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PSP  header logo

Aliens vs Predator: Requiem

For: PSP

In space, no-one can hear you snore

Product: Aliens vs Predator: Requiem | Developer: Rebellion | Publisher: Sierra Entertainment | Format: PSP | Genre: Film/ TV tie- in, Shooter | Players: 1-2 | Networking: wireless (adhoc) | Version: Europe
Aliens vs Predator: Requiem PSP, thumbnail 1
When we enjoy fiction, we engage in what Coleridge called the 'willing suspension of disbelief', which is to say we happily ignore the fact that what we're reading, watching, or playing is impossible.

Sometimes, however, the balloon of disbelief soars too high. If you've been following the development of the forthcoming sequel Aliens vs Predator: Requiem, you'll know that it features a 'predalien'. However much you enjoy the Predator films, as soon as you see that daft puppet the balloon bursts amidst prosaic doubts over the viability of interplanetary reproduction.

The game of Requiem is full of balloon-bursting moments like these, when absurdity violates the internal logic of the fiction, but it would be an act of charity to put that down to artistic misjudgement. In truth, this game is so scrappy and dull that it barely gets off the ground.

The plot loosely follows that of the film, with you in the role of a predator whose ship has crashed into a small town, killing the crew and unleashing a fearsome cargo of livestock aliens. Your goal is to contain the incident, killing the aliens and destroying all signs of your presence.

You begin amidst flaming wreckage, and the problems with the game are apparent as soon as you take your first steps. In contravention of every law of third-person game design, you have to steer the camera yourself using the R and L shoulder buttons.

This is a bizarre rather than harmful choice, however, and you soon get used to it. In fact, this device probably rescues Requiem from the perennial danger of the shoddy third-person camera, which, given the general quality of the game, it would almost certainly have succumbed to otherwise.

Controls for your predator are more conventional. You move with the analogue stick and attack either hand-to-hand with Square or by firing your shoulder-mounted cannon by holding down both trigger buttons to lock onto a target and pressing Circle to fire.

It's the second of these offensive moves that you'll spend most of your time using, as the generic aliens that constitute your only real opposition (humans appear from time to time, but you bat them away like flies) have a tendency to swarm, so it pays to pick them off at range. The auto-aim is such a powerful tool, in fact, that you'll find yourself holding both shoulder buttons whenever you enter a new area just to identify any threats.

Being a predator, you have three different viewing modes – Technology, Thermograph, and Alien – which the game repeatedly encourages you to use for spotting aliens, finding weak points in the wall, and so on, but there really isn't any point: a combination of high powered auto-aim and heavy signposting makes them redundant.

As you progress through the levels, you earn several extra weapons – such as shuriken and a spear – and these grow in power as you accumulate optional honour points by dissolving the face hugger husks that litter the gameworld.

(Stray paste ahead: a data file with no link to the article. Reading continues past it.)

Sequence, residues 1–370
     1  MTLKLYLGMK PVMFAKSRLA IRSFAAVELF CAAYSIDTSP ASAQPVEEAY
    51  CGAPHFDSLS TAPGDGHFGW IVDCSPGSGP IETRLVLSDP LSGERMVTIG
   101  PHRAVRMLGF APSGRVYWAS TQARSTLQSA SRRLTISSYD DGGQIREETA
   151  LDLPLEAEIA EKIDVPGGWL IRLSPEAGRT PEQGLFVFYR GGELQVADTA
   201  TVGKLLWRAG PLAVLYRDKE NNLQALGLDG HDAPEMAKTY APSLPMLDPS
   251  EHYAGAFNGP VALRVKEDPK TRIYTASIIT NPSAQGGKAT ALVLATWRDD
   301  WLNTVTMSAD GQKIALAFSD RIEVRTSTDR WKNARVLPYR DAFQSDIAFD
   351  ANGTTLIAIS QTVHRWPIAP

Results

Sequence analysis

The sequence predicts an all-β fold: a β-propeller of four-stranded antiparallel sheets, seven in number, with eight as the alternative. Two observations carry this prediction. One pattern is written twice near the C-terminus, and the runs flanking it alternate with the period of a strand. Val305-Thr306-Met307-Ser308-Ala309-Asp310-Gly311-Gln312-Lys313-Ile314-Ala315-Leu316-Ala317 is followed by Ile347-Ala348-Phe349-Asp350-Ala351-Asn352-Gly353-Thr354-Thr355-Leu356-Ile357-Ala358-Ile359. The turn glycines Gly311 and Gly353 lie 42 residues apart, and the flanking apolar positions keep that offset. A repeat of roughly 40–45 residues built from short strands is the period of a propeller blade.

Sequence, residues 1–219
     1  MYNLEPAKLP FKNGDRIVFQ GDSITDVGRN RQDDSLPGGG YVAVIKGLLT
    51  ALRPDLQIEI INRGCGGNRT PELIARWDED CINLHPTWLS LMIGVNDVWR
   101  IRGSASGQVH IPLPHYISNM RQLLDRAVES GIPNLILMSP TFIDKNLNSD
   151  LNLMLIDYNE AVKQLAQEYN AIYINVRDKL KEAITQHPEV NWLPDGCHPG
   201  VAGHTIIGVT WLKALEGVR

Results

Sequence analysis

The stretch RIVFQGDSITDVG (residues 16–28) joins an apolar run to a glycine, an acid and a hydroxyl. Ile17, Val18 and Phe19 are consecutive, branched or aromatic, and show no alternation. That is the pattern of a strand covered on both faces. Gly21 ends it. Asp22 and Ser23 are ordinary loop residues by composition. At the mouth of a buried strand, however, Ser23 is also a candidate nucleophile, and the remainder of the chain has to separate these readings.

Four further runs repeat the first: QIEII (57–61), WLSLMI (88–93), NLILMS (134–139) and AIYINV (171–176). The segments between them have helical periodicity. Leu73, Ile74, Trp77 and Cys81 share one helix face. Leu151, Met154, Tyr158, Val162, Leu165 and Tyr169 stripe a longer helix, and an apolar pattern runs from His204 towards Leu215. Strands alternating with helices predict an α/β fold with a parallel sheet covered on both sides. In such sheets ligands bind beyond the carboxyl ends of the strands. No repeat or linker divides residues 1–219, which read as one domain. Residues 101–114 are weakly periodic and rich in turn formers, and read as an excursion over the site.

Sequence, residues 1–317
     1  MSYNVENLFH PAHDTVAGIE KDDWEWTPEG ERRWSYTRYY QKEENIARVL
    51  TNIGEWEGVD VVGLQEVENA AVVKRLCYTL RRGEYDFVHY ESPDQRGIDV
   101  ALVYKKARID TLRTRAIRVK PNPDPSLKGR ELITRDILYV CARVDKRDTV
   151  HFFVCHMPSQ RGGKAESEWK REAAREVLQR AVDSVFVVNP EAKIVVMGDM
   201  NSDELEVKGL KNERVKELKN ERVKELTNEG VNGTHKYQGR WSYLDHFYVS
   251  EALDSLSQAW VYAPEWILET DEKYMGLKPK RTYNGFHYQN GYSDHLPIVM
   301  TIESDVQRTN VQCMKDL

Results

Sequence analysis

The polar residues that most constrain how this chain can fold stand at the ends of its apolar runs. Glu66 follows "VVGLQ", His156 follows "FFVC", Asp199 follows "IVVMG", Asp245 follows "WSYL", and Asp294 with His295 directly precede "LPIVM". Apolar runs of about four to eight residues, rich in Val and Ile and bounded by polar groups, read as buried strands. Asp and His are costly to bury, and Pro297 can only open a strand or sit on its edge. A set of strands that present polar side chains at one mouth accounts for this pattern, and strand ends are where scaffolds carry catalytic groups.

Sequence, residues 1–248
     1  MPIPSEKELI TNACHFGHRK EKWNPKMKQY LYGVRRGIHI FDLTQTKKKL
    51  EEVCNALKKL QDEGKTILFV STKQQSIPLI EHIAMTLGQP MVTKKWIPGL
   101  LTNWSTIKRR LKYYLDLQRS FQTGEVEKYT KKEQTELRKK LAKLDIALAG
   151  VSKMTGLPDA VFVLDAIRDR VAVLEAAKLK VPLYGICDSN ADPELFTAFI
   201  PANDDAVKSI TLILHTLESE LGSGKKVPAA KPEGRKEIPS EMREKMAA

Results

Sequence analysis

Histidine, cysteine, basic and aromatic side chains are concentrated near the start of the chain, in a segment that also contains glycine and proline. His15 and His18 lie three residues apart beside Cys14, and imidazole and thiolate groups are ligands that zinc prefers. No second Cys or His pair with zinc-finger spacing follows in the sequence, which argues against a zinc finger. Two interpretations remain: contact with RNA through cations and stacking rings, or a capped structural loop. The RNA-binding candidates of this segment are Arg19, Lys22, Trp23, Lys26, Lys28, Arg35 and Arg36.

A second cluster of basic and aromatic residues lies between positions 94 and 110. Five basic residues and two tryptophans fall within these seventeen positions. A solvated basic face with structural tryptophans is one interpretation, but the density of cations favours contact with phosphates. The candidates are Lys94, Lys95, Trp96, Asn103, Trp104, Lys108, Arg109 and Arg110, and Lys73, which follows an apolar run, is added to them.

Like the different vision modes and the upgradeable weaponry, Requiem's narrative structure is a promising device that comes to nothing. After the first mission, the path to the end of the game trifurcates along the routes of Underground, Industrial, and Suburban, leaving you to choose your favourite.

Once you've reached the last level, however, all that remains is to go back and do the others. There's no clever trick – in narrative terms, you're simply going back in time to re-enact what never took place in order to arrive at a conclusion you've already reached.

Rather than being outright broken, Requiem is just listless, and feels ten years behind the curve. The collision detection, for instance, is appalling, allowing you to hover in your entirety on the air beside a surface and padding walls with a clear foot of impassable invisibility.

And the problem isn't only technical. If you bring your considerable bulk into collision with a line of traffic cones, they hold like bollards, and even though there might be two feet of space between them you can't pass between.

The only deformable pieces of terrain are signposted by obnoxious red triangles, and by counting them you can actually number the moments when you can do anything other than roll like a marble down the helter skelter of the game's levels. Although the action takes place on earth, you never feel remotely like you're in anything like a real place.

Despite its flaws, Requiem is rarely offensively bad. The gameplay is easygoing, and you won't spend any time actively angry with it. If, for whatever reason, you happen to have the UMD in your PSP, you might even find yourself sleep-walking all the way to the end, which takes around two hours.

However, the best that you can say about Requiem is that it's consistently mediocre. When you get around to watching the film, the absurd pantomime phenomenon of the predalien may disrupt the suspension of your disbelief, but in its slower periods Requiem disrupts something far more dangerous: the suspension of your eyelids.
Aliens vs Predator: Requiem
Reviewer photo
Rob Hearn | 4 December 2007
Despite source material that found success on the PC, Aliens vs Predator: Requiem is dull, repetitive, illogical, glitchy, and everything that gives movie tie-ins a bad name
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